d. For electronic prescriptions, the bill requires the prescribing practitioner to select the “dispense-as-written” code. The bill specifies that no electronic prescriptions may default to “brand medically necessary” or “no substitution.”
    e. For Medicaid recipients, current law requires prescribing practitioners to specify the basis on which the brand name drug and dosage form is medically necessary compared to a chemically equivalent generic drug substitution. The practitioner must write, in his or her handwriting, the phrase “BRAND MEDICALLY NECESSARY,” on the prescription form or on an electronically produced copy of the form. If the prescription was ordered by telephone or electronically and the form did not reproduce the practitioner's handwriting, then (1) a statement to that effect must still be on the form and (2) written certification in the practitioner's handwriting with the phrase “BRAND MEDICALLY NECESSARY” must be sent to the dispensing pharmacy within 10 days after the communication date. The phrase “BRAND MEDICALLY NECESSARY” must not be preprinted, stamped, or initialed on the form.

SB 394: AN ACT CONCERNING REQUIREMENTS FOR INSURERS' USE OF STEP THERAPY

  • This bill bars certain health insurers that use prescription drug step therapy regimens from requiring their use for more than 60 days. Under the bill, “step therapy” is a protocol or program that establishes the specific sequence for prescribing drugs for a specified medical condition.
  • At the end of the step therapy period, the bill allows an insured's treating health care provider to determine that the step therapy regimen is clinically ineffective for the insured. At that point, the insurer must authorize dispensation of and coverage for the drug prescribed by the provider, if it is covered under the insurance policy or contract.
  • The bill requires insurers to establish and disclose to its providers a process by which they may request, at any time, an authorization to override any step therapy regimen.
HB5439: AN ACT CONCERNING BRAND NAME DRUG PRESCRIPTIONS FOR STATE MEDICAL ASSISTANCE RECIPIENTS
  • This bill eliminates a requirement that a medical practitioner submit a hand-written prescription to a pharmacist stating “brand medically necessary” when he or she electronically submits a prescription for a medical assistance recipient specifying that there can be no substitution for the brand-name drug prescribed. The bill instead requires the prescriber to select the code on the certified electronic prescription that indicates a substitution is not allowed.
  • The bill also broadens the exception to the requirement that a pharmacist dispense a generically equivalent drug for a brand name one to a medical assistance recipient. Under the bill, a pharmacist must dispense the brand name drug when the prescriber specifies that there shall be no substitution for that drug. Currently, pharmacists may dispense such drugs to medical assistance recipients only if the phrase “brand medically necessary” is ordered.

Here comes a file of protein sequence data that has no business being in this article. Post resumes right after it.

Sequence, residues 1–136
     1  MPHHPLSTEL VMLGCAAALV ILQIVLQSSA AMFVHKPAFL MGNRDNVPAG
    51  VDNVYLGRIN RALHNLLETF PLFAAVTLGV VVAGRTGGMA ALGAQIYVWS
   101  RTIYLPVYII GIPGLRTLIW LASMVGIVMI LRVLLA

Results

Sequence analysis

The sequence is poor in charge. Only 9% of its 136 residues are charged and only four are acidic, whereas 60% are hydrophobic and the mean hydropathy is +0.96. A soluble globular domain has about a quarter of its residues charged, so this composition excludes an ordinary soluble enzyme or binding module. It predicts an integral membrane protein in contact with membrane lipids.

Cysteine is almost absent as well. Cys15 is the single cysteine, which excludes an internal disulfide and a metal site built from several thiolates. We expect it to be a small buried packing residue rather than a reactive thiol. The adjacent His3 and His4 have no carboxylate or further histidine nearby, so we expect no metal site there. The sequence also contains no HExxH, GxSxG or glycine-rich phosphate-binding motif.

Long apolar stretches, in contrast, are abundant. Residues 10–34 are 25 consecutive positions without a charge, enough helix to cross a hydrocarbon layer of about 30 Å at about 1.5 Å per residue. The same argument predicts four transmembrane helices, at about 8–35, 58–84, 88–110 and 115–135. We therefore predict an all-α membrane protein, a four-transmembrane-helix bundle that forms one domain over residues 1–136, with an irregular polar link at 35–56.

HB 5386: AN ACT CONCERNING CARE COORDINATION FOR CHRONIC DISEASE

  • This bill requires the public health (DPH) commissioner to develop and implement a plan to (1) reduce the incidence of chronic disease; (2) improve chronic disease care coordination in the state; (3) reduce the incidence and effects of chronic disease, and (4) improve outcomes for conditions associated with chronic disease.
  • The plan must address cardiovascular disease, cancer, lupus, stroke, chronic lung disease, diabetes, arthritis or another metabolic disease, and the effects of behavioral health disorders. It must be consistent with the (1) DPH's Healthy Connecticut 2020 health improvement plan and (2) state healthcare innovation plan developed under the State Innovation Model Initiative by the Centers for Medicare and Medicaid Services Innovation Center.
  • The bill requires the DPH commissioner, by January 15, 2015 and biennially thereafter, to report to the Public Health Committee
    1. description of the chronic diseases most likely to cause death or disability, the approximate number of people affected by them, and an assessment of each such disease's financial effect on the state, hospitals, and health care facilities;
    2. a description and assessment of programs and actions that DPH and health care providers have implemented to improve chronic disease care coordination and prevent disease;
    3. the source and amount of funding DPH receives to treat people with multiple chronic diseases and to treat or reduce the most prevalent chronic diseases in the state; 
    4. a description of care coordination between DPH and health care providers to prevent and treat chronic disease;
    5. recommendations on actions health care providers and people with chronic diseases can take to reduce the incidence of effects of these diseases. 

1

For more information on CSHP’s legislative initiatives,